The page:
Archive for the ‘Happiness’ Category

This philosophy was a short synopsis for my parenting style that I heard at one point, and recent events as I’ve watched other parents around me over the last year just made this rise to the top of things I wanted to share on this blog.

The most recent example of “preparing the road for the child” is helicopter parenting, but it existed in other forms before that in coddling etc.  Some people, my wife included, feel I’m too harsh in my goal to never have our kids come home after they finish with college, for example, but this stance is bred directly out of the desire to prepare the child for the road.  I’m having to live in the same world they if they were to come rushing home.  My preparing them to understand that one of the key tenets of not having to do that is not spending above your income they should have no reason to need this proverbial “safety net” that has become all the rage lately and for some reason seems to have brainwashed otherwise rational adults into thinking that somehow “now is different”.  It’s not.

There have always been challenges.  In the 70s when inflation was over 10% and interest rates were even higher, there was not talk of kids moving back home.  When unemployment soared during the Great Depression people were struggling and such but there has not been anything I could find of this mass movement back in with parents.  Why?  Because the parents were in the same world they were in and this shift of making it OK to prepare the road for the child was not as prevalent as it seems to be today.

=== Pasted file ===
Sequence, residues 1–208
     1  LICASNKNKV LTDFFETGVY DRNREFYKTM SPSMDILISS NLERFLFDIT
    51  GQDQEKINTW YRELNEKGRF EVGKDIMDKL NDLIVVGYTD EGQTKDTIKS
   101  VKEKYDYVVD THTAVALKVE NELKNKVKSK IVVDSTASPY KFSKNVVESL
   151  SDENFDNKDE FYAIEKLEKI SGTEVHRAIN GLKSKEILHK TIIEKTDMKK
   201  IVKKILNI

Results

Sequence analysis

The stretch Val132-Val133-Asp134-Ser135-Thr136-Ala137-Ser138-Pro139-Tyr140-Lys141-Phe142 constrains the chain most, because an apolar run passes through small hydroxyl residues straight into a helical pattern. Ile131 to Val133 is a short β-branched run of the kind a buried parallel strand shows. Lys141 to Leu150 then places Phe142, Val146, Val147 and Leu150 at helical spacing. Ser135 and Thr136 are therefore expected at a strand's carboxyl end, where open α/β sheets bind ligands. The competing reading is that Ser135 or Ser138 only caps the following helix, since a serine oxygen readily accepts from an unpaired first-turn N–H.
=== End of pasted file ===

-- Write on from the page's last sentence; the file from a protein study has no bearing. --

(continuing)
If the situation existed that I am a financially astute and responsible adult and the world is in such a state that I could only survive by dipping into savings each year, then we have a rational argument for a younger adult, not having built up that savings, to be unable to make it on their own.  That however is not anywhere near the situation in the US today, contrary to media hype of the sky falling.  Preparing kids for the realities of life puts them in a much more resilient situation.  There was a recent discussion I was involved in with folks trying to figure out how much they pay for for their high school kids.  One mom was feeling guilty because her daughter wanted to do dance but every week’s competition to team went out for a fancy dinner instead of doing something like a pasta party at a parent’s house, got their hair and nails professionally done for a hundred dollars a week and a bunch of other expenses.  She was uncomfortable telling their daughter this was just not doable in their budget and she’d either have to pick another activity, forgo some of the pre and post activities the other girls did or find a way to cover those expenses herself (like a job).  Some other parents were trying to convince her of all the reasons she just needed to find a way to suck it up and go into debt for her daughter to have this high school experience.  I knew my viewpoint was in the minority so I caught up with this person later and shared my perspective and it led to a really good conversation and she was relieved to hear someone who was not just buying into the spend, spend hype because it would somehow damage out kids if we did not make this happen.  It was another example where people were just killing themselves preparing the road for the child and the wondering why they hit to the rock or the pothole in the road later on because mom and/or dad was not there to pave it over or push the rock on to the shoulder.